A total of twelve candidates made the cut for the October Democratic presidential debate, set for Oct. 15.
To qualify for the October debate, candidates needed to receive at least 2 percent support in four Democratic National Committee (DNC)-approved qualifying national primary polls, or polls of Iowa, New Hampshire, Nevada and South Carolina between June 28 and Oct. 1. In addition to fulfilling the polling criteria, candidates also needed to receive at least 130,000 unique donations from at least 400 unique donors in at least 20 different states.
Former Vice President Joe Biden, Sen. Bernie Sanders, Sen. Elizabeth Warren, South Bend, Indiana Mayor Pete Buttigieg, Sen. Kamala Harris, businessman Andrew Yang, Sen. Cory Booker, former Rep. Beto O’Rourke, Sen. Amy Klobuchar, former Housing and Urban Development Secretary Julián Castro, businessman Tom Steyer and Rep. Tulsi Gabbard all qualified for the October debate and will appear onstage together.
Those 12 candidates set to appear on the debate stage Oct. 15 will make for the largest primary debate stage in American history, but it may decrease in size moving forward.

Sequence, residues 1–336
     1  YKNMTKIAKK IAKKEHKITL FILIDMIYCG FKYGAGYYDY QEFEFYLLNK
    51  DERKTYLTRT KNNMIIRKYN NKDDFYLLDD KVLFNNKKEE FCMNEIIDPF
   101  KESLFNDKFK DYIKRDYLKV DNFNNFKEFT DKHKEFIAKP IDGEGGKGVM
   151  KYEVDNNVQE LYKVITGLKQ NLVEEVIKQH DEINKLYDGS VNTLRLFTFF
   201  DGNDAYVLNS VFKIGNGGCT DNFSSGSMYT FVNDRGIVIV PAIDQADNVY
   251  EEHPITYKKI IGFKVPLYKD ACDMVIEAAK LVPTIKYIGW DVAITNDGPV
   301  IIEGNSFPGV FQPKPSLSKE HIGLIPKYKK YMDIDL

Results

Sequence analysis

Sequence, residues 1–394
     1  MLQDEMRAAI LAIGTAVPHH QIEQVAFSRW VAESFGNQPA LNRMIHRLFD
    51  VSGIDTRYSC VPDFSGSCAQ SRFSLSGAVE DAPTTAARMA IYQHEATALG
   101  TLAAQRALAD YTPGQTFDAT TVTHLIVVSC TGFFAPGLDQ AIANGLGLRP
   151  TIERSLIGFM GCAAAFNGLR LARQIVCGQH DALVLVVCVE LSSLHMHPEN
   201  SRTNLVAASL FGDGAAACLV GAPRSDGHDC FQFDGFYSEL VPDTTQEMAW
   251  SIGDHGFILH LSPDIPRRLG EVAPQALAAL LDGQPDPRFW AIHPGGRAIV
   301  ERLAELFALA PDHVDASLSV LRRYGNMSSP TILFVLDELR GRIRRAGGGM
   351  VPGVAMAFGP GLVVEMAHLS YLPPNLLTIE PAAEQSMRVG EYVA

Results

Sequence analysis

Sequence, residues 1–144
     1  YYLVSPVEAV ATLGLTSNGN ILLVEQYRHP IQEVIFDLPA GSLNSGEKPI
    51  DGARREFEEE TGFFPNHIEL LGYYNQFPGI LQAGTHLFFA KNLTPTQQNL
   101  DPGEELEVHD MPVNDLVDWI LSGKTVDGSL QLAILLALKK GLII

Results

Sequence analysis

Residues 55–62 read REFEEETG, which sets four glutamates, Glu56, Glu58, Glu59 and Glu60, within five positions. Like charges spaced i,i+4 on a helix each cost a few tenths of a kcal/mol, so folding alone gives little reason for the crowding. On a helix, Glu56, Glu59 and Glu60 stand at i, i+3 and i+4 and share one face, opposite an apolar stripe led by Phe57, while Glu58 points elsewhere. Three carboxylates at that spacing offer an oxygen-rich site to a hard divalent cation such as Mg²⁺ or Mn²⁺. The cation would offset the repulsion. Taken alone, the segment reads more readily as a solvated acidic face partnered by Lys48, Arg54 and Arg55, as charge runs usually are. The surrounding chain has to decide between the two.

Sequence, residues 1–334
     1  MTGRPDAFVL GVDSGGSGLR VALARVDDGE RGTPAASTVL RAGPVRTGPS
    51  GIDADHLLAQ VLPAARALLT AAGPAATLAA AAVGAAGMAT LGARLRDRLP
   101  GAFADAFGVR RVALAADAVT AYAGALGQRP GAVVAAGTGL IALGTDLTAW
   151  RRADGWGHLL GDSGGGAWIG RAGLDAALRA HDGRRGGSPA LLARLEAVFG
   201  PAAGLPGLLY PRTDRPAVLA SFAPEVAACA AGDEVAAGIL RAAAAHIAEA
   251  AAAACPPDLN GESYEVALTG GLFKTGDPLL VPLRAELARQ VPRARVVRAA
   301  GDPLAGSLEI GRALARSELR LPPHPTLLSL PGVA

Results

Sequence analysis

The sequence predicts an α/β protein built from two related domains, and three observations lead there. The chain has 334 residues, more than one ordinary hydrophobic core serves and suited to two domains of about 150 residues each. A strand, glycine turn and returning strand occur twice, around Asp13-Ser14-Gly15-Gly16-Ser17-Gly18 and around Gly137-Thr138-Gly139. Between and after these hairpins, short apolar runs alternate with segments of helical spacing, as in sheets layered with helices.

Qualifying for the November debate is more difficult than the October debate. As of Tuesday, only five candidates appear to have qualified. Candidates must receive at least 165,000 unique donations from 600 donors in at least 20 different states.
The polling threshold has also gone up, increasing from 2 percent support to 3 percent or higher in four different DNC-approved polls. Candidates can also meet the polling criteria by reaching 5 percent support in two DNC-approved polls of the four aforementioned states.
The five candidates who have qualified for the November debate are Biden, Sanders, Warren, Buttigieg and Harris.